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"ALCOHOL I.525). - Alcohol intended for potable purposes has always been subject to a heavy duty in all countries. In the United Kingdom the duty on alcohol was raised in 1920 from 30s. to 72s. 6d. a proof gallon. Owing to its prohibitive price, duty-paid alcohol cannot be used for the many purposes for which it is essential, quite apart from the production of light, heat and power. Its earliest employment in industry was as an illuminant, and dates back to the early part of the 19th century.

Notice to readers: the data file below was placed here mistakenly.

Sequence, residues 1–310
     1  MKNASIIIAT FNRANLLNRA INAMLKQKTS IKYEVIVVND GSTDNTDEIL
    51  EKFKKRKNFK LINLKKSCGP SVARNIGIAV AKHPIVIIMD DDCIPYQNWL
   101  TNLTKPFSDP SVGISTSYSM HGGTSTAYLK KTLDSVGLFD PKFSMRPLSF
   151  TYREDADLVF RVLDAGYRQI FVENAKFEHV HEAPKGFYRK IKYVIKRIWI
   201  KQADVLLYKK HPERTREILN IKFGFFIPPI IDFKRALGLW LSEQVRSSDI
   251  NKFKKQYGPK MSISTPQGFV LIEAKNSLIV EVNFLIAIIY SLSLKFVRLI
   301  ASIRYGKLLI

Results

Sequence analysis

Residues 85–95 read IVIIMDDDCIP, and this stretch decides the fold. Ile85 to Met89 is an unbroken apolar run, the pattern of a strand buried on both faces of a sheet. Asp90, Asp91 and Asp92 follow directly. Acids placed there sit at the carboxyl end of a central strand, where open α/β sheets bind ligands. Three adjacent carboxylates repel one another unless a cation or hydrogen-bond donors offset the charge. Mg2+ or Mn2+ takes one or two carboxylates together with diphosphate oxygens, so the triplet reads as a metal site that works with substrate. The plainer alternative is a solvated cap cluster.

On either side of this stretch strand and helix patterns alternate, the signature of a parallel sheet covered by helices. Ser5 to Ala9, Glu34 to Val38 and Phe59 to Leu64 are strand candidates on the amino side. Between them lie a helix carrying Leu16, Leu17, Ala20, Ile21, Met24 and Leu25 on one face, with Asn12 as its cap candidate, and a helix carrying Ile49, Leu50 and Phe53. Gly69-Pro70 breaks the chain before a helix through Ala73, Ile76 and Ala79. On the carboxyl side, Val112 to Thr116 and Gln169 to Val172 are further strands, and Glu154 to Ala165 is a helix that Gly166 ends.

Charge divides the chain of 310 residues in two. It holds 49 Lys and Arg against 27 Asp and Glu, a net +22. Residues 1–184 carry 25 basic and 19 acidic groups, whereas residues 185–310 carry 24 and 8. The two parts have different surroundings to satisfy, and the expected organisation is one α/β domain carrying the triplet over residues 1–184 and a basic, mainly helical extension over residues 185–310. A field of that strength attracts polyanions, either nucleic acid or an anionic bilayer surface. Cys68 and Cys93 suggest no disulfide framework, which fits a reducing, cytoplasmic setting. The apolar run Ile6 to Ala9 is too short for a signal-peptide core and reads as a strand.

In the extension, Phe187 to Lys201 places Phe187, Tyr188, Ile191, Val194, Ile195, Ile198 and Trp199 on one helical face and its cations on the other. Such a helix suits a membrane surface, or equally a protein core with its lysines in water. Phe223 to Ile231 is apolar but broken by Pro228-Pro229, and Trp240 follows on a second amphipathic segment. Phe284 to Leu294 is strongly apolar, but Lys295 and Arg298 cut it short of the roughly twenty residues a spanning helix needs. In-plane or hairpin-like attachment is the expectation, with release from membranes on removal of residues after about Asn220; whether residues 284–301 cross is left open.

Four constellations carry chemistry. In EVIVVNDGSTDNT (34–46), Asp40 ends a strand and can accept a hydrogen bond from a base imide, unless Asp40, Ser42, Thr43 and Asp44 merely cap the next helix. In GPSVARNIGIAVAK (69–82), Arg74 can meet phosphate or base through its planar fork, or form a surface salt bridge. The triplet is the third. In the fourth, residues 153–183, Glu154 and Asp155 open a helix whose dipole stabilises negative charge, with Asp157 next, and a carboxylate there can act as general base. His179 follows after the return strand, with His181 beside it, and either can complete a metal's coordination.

In 1853 exhaustive experiments were carried out in England with a view to ascertaining whether it would be possible so to treat alcohol as to allow it to be used industrially without, at the same time, any risk of the revenue being defrauded. These experiments resulted in the legislation of 1855, when the use of duty-free alcohol mixed with 10% by volume of wood naphtha, known as methylated spirits, was authorized for manufacturing purposes only. From 1861-91 methylated spirits prepared in this way were allowed to be sold by retail in Great Britain in small quantities for domestic purposes such as cleaning, heating and lighting; but use in large quantities, or in manufacture, was only possible under special authority and under excise supervision. The Netherlands legalized the use of denatured alcohol in 1865; in 1872 France permitted its use under a special tax, and in Germany its employment was authorized in 1879, the other European countries following, Austria in 1888, Italy in 1889, Sweden in 1890, Norway in 1891, Switzerland in 1893, and Belgium in 1896. In the United States the tax on distilled spirits was repealed in 1817, but was reimposed at the outbreak of the Civil War in 1861, and it was not until 1907 that denatured alcohol became tax-free for general purposes. Alcohol was used in Germany for many years before the World War in increasing quantities as a source of heat, but its application for light and power started about 1887. In 1895, in order to bring down its price, a distillation tax was imposed, from which a refund was paid on alcohol used for other than beverage purposes. About this date the output of alcohol in Germany and its use in stationary internal-combustion engines increased rapidly. The chief source was the bounty-fed potato, and the industry was an agricultural one worked on cooperative principles.